Scott’s work with Bates on the Legacy Project will be based, in part, on Hartley research she has amassed over the decades. “It’s very important for scholars, galleries and museums, and even collectors to have this accessible,” she explains.

Scott discovered Hartley through researching the artist’s pre-World War I “German officer” paintings for a project at the Los Angeles museum. Among other Hartley projects, she went on to write a definitive monograph on his art and to edit collections of his essays on art topics (On Art by Marsden Hartley, 1982) and his poetry (The Collected Poems of Marsden Hartley, 1987).

“The depth of his artistry as a painter — especially as a painter — and extending into his writings, and the depth of his intellectual and spiritual focuses over the course of his career, just kept me going,” says Scott, “and continue to do so.”

Marsden Hartley (American, 1877-1943)Garmisch, October 13, 1933 Graphite on paper, 9 7/8 x 7 in. Gift of Norma Berger 1955.1.28

“Garmisch” is a 1933 drawing in graphite on paper by Marsden Hartley. (Gift of Norma Berger)

She adds, “I think one thing that has not been examined enough is the quality of his painting and the handling of paint. And also the extraordinary way that he charged a canvas with energy and depth of, sometimes, emotions, and sometimes mysterious or mystical of implications. He’s a painter’s painter.”

With interest in Hartley gaining momentum in recent years, Bates has lent artworks and other items from the Memorial Collection to important exhibitions. “Supporting these important projects is a critical responsibility for Bates as the home of the Memorial Collection,” Mills points out.

Such exhibitions include 2017’s Marsden Hartley’s Maine at New York’s Metropolitan Museum of Art and the Colby College Museum of Art; Marsden Hartley: The German Paintings, 1913–1915 at museums in Berlin and Los Angeles; and a show opening this month at the Louisiana Museum of Modern Art, in Denmark, that is the first major Hartley retrospective in Europe since 1961.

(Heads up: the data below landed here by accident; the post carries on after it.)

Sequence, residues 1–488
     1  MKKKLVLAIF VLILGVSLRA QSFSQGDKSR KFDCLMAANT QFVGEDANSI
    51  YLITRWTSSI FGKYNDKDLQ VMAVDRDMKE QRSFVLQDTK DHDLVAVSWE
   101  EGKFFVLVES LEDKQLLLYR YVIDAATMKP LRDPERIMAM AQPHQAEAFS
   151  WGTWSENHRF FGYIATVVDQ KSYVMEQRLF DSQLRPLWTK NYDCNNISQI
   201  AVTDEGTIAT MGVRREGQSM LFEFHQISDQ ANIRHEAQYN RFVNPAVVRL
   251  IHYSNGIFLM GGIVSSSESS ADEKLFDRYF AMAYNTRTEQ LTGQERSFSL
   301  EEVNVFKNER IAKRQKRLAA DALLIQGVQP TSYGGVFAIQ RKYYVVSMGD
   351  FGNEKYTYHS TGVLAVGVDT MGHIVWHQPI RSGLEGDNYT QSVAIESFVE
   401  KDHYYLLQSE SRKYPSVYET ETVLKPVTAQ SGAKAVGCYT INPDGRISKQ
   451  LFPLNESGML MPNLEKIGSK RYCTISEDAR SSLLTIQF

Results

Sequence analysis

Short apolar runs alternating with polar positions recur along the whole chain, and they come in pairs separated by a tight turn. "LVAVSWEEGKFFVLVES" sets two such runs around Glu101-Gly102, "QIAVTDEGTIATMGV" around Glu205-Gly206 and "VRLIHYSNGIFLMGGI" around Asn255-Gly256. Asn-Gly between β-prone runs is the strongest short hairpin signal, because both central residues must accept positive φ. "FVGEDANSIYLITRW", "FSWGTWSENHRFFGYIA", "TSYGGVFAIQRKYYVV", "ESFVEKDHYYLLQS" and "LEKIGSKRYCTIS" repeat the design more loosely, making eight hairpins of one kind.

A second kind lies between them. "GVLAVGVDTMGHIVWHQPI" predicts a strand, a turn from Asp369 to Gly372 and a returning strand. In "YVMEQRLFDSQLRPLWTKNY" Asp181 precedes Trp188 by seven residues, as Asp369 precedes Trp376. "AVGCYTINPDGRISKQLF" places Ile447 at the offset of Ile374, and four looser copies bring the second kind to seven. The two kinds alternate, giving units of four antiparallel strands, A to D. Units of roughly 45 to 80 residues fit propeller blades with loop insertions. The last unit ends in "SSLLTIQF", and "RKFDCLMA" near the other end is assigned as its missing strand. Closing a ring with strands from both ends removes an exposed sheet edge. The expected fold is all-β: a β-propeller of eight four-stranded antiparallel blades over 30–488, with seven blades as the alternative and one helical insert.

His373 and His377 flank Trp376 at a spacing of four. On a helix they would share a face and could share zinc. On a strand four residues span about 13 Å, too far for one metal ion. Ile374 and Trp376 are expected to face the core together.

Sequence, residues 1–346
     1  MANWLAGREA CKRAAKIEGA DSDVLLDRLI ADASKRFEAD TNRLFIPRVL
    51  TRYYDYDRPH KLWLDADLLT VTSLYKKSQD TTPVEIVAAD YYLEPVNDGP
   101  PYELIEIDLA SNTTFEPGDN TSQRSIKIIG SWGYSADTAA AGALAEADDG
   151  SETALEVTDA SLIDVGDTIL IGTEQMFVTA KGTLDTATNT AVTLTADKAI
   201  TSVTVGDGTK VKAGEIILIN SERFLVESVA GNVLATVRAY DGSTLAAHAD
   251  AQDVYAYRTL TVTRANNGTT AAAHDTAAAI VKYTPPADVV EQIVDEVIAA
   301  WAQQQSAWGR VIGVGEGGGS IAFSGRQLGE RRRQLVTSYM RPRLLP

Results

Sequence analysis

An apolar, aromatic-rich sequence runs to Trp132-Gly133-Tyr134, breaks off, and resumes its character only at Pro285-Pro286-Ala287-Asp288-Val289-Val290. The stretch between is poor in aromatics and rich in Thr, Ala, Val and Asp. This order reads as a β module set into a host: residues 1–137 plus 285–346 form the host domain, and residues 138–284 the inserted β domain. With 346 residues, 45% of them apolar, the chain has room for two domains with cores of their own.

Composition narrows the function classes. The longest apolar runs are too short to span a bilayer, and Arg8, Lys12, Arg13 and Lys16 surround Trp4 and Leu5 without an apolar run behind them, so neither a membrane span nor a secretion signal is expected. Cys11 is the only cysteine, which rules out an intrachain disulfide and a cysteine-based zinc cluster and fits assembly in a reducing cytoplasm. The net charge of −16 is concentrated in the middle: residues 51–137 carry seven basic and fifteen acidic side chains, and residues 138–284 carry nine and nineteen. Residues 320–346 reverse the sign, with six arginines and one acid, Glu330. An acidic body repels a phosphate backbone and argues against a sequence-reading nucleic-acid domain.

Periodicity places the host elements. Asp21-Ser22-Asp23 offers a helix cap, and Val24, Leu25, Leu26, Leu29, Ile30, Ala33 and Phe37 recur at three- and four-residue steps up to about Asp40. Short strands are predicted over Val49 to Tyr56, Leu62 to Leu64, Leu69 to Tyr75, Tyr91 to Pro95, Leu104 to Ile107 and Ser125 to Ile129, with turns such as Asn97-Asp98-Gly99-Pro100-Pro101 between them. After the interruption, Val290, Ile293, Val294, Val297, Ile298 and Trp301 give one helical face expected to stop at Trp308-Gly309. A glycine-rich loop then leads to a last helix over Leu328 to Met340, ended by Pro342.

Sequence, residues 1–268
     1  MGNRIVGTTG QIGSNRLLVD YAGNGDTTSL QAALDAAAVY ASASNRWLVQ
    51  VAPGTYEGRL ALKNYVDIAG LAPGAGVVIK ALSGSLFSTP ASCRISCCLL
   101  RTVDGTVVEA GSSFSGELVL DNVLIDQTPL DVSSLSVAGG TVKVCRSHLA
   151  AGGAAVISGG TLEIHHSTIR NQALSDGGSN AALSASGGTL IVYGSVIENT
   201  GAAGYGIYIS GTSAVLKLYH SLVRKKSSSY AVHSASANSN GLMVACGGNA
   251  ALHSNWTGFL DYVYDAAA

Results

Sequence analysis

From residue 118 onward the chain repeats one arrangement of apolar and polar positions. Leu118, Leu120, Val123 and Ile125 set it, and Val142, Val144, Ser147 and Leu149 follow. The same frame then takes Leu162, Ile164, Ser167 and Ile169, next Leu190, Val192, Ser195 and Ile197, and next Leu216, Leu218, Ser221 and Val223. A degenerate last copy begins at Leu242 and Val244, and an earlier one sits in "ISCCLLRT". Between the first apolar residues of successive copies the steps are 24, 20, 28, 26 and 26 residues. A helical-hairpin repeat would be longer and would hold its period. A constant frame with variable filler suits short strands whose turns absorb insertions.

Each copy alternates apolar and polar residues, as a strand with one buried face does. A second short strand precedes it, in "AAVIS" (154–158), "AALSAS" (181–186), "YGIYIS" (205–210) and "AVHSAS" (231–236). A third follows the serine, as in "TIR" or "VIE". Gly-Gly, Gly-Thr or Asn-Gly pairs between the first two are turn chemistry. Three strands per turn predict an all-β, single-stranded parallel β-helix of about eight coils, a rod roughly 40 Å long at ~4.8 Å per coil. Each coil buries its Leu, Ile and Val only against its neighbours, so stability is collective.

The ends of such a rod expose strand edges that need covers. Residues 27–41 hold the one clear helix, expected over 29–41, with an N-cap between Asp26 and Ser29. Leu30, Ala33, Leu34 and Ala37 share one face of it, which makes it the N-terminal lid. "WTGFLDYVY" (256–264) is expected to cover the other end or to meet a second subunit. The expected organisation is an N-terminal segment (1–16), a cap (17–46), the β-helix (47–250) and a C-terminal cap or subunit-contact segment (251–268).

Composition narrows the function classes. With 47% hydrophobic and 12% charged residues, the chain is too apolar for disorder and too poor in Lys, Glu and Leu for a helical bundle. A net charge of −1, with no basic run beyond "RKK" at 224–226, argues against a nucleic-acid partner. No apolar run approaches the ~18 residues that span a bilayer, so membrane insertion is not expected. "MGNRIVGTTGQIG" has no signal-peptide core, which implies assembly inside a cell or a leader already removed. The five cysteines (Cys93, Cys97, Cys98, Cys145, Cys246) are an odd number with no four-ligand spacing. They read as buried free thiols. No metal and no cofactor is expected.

Bates has more than 100 artworks by Hartley, including the 99 drawings that came with the Hartley bequest. Other institutions in Maine at which he is represented include Colby and Bowdoin colleges. Scott will visit institutions with major Hartley holdings in Minnesota, Nebraska, Arkansas and elsewhere to conduct additional research.

The first Horowitz grant, awarded in 2018, supported Scott’s scholarly documentation of items in the Hartley collection as part of the development of a fully accessible online catalog, as well as the purchase of a Hartley painting, “Intellectual Niece.” That late Hartley work depicts his niece Norma Berger, whose generosity made Bates’ Hartley collection possible.

Also supporting the Memorial Collection is generous support from the National Endowment for the Humanities, the Coby Foundation, and the Henry Luce Foundation. Meanwhile, the second installment of the Legacy project grant will be made in June 2020.

Once the Legacy Project is online, the entry for each artwork will include basic facts about its creation; notes on its provenance, exhibition history, alternate titles, literary references, etc.; and scholarly commentary by Scott.

“He’s a painter’s painter.”

Many major artists have been the subject of comprehensive published catalogs of their oeuvres. Why has there been no such resource for Hartley?

It hasn’t been for lack of trying, says Scott. Two attempts at a Hartley catalogue raisonné have been undertaken but not published, one fairly recent and another by Hartley scholar Elizabeth McCausland during the 1950s. McCausland’s research has recently been made available online at the Archives of American Art and has been an important source for Scott’s scholarship.

Scott herself has compiled a catalog in database form of all of Hartley’s paintings and drawings that will be converted to a web-based platform as the basis of the Hartley Legacy Project.